U-M Coulter Translational Research Partnership Selects Projects for 2015-2016 Funding

Intraocular injections are one of the most frequently performed procedures in ophthalmology today, with over 5 million injections given per year in the offices of retina specialists across the United States. This procedure has transformed the treatment landscape of previously blinding diseases including macular degeneration and diabetic retinopathy. Anesthesia for injections into the eye is predominantly given via either a subconjunctival injection or cotton swabs soaked in anesthetic and held on the eye for 8-10 minutes. These anesthetic procedures are unnerving and uncomfortable for patients. Given the extremely high volume of injections given in the United States, the time to adequate anesthetic effect for these methods leads to significantly increased patient wait times and causes lost time for retina specialists. Drs. Kevin Pipe, Cagri Besirli, and Stephen Smith have designed a portable, battery-operated device that uses rapid, targeted cooling to anesthetize the eye surface prior to ocular injections. This device has the potential to significantly improve patients’ experience while also improving workflow for retina specialists.

This project received funding this spring from the UM Coulter Program. The UM Coulter Program is funded through proceeds of an endowment from the Wallace H. Coulter Foundation and supports collaborative translational research projects that involve Engineering and Clinical faculty co-investigators. Project funding is geared towards new medical device and biomedical product concept development with the goal of licensing the concept to an industry partner or new company formation with venture capital funding within 1-2 years of Coulter funding.

In addition to funding, project teams selected for the final selection meeting are offered the opportunity to participate in a pre-award training program called C3i that guides teams through the commercial aspects of developing their technology, while receiving formal market assessments, mentoring from Venture Capital investors and leading medical device company business development professionals, and consulting services from regulatory, IP, and reimbursement experts.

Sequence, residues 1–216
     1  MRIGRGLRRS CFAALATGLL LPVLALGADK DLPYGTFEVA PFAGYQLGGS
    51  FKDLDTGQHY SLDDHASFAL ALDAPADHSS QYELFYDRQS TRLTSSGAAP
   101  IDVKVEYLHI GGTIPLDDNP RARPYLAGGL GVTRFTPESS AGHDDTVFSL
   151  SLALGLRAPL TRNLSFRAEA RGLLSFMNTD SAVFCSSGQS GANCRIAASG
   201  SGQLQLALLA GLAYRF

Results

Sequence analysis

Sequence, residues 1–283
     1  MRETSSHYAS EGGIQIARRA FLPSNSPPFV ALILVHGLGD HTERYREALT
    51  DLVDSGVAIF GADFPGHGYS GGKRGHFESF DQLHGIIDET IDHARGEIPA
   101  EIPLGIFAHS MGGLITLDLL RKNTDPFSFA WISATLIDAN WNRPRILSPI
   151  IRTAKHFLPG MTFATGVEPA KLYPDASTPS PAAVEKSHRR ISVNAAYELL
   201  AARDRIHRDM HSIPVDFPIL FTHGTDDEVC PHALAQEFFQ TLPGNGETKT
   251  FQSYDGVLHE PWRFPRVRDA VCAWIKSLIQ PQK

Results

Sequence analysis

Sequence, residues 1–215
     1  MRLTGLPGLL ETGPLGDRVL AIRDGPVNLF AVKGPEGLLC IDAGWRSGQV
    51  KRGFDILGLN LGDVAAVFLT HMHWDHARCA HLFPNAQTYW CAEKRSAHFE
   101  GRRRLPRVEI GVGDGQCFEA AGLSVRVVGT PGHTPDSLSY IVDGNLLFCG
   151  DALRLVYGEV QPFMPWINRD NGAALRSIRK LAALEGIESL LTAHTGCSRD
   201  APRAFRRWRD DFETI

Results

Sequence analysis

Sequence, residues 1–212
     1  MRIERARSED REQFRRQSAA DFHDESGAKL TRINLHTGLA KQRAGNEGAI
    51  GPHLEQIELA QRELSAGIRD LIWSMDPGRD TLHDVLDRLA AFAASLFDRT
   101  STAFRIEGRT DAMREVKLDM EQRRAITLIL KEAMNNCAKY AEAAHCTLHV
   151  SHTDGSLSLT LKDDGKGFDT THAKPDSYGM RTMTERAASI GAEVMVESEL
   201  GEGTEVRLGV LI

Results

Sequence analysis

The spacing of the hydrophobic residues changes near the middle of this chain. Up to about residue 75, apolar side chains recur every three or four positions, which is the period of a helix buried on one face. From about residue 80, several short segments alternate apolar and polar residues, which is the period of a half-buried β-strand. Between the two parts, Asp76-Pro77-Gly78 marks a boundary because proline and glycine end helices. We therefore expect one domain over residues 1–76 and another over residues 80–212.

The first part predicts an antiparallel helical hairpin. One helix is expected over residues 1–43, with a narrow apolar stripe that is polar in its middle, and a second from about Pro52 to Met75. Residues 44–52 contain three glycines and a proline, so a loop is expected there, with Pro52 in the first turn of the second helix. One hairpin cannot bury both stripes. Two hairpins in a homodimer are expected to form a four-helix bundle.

Throughout the funding period and beyond, teams also receive high-level of guidance from the Coulter Program Director and Office of Technology Transfer to support new product planning, market opportunity evaluation, patent filing, regulatory strategy planning, and sourcing for follow-on funding or licensing.

For the FY 2016 funding cycle, eighteen proposals were submitted for consideration. After rigorous review by the Coulter Oversight Committee five projects were selected for funding, each between $100,000 and $145,000.

Cynthia Chestek, PhD, Paul Cederna, MD
“Regenerative Peripheral Nerve Devices for Fine Control of Prosthetic Limbs” Third year of funding.

Francis D. Pagani, MD, PhD and Roberto Merlin, Dr. rer. nat.
“A Wireless Approach to Power a Ventricular Assist Device”

Daniel Teitelbaum MD and Jonathan Luntz PhD
“Development of a pre-clinical implantable mechanical device for intestinal lengthening in children with short bowel syndrome”

Timothy Cornell, MD and Katsuo Kurabayashi, PhD
“Application of Localized Surface Plasmon Resonance (LSPR) for the near real-time detection of proteins”

Cagri Besirli MD, PhD, Kevin Pipe, PhD
“Cryoanaesthesia for intravitreal injections”

For more information about the Coulter Translational Research Partnership contact Thomas Marten, Coulter Program Director, at tmarten@umich.edu. Look for the next Coulter Call for Proposals in late fall, 2015.